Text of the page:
Unusual To-Do’s Before Your Next Trip

Guest Post By Shreya Lay — Estate Planning Attorney

I had been accepted to speak at a conference in Norway.  Last minute (awfully routed) ticket – check; connecting with friends of friends for a free place to stay (and some local guides) – check; conference sign-up and presentation – check, check!

Bergen is beautiful.  April is not necessarily the best time to go there; it’s that sometimes cold, often still gloomy spring that us Seattleites are all too familiar with. As I flew over the small islands, some of them with only a boat and a cabin on them, flying into Bergen on a cloudy day, I couldn’t help but smile though.

The trip and conference were both great.  Something that was not so great though? The fact that while I was gone, some doofus had gone on a fast food spree with my credit card number back in the States.

They had a great time – vape store, KFC (Popeye’s is better though, come on), Jack-in-the-Box, and some ice cream store.  And while I do have my guilty pleasures, even I cannot cop to spending 50-plus dollars at a Jack-in-the-Box.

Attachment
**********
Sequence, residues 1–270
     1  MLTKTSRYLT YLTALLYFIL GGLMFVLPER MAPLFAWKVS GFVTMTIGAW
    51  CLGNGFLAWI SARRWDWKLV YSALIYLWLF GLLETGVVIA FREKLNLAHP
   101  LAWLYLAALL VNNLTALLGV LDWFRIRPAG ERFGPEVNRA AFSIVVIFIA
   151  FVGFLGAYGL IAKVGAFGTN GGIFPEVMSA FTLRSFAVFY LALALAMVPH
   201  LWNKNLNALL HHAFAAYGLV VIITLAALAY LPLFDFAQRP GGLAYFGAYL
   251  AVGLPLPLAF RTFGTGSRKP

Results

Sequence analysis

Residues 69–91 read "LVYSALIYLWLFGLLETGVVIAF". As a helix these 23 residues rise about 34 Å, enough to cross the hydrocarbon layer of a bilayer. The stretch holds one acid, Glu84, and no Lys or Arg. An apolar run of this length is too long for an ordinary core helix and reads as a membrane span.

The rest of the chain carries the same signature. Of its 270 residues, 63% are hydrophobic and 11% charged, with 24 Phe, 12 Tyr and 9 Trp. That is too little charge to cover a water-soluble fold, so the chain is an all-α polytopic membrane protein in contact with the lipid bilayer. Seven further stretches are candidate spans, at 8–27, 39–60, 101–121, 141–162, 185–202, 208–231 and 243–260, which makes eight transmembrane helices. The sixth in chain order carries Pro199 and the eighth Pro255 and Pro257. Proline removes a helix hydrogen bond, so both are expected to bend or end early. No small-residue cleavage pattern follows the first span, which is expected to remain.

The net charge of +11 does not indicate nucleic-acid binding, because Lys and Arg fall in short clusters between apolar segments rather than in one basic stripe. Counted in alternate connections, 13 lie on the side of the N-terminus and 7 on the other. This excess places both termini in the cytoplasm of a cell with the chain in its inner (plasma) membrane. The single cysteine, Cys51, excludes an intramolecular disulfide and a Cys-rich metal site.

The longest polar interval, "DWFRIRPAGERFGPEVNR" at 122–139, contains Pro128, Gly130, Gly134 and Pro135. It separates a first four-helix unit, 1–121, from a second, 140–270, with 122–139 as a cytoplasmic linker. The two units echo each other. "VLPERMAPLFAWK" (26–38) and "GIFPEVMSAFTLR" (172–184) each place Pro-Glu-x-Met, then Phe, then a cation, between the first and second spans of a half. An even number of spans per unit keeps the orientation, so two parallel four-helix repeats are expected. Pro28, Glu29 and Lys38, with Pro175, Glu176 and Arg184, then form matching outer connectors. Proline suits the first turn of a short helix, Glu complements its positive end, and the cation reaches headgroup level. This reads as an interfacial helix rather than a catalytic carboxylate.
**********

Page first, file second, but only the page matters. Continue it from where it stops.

This was a huge hassle.  1) I was halfway across the world and they were telling me that I couldn’t use my card.  2) The bank needed me to physically come in and sign an affidavit affirming that these charges were not me.

What are the options here?

As an aside, yes, I need a different bank that doesn’t make it such a hassle to deal with stolen credit card numbers.

However, also, here is where we talk about this weird thing that single people (or people without kids) often don’t talk about: Estate Planning and why it’s a good thing to have for solo trips.

Yeah, I know – you’re thinking that you don’t need it.  You don’t have an “estate” yet or you don’t have kids that you need to plan for.  You’re not worried about dying or passing on your “legacy.”

Well, here’s the thing: estate planning is not just about STUFF.  It’s about you, emergency planning, and your choices for who gets to control your money and how, and who gets to control your body (medical treatment) and what choices they make.

While I was halfway across the world, my husband could go in and sign an affidavit on my behalf only because he had a power of attorney document to do so.  And, if you’re halfway across the world and a bigger emergency than a random fast food spree in middle-of-nowhere Texas happens – you might need someone back in the States to be able to make medical, legal, and financial decisions for you.  

Estate planning includes those types of decisions – medical power of attorney, healthcare directives, and financial power of attorney PLUS decisions about who gets your stuff – which, if you’re using a financial planner like Levi, you’re going to have an estate to worry about someday anyway.  You might as well start thinking about it now.

For assistance with estate planning, contact Shreya Ley at layroots.com.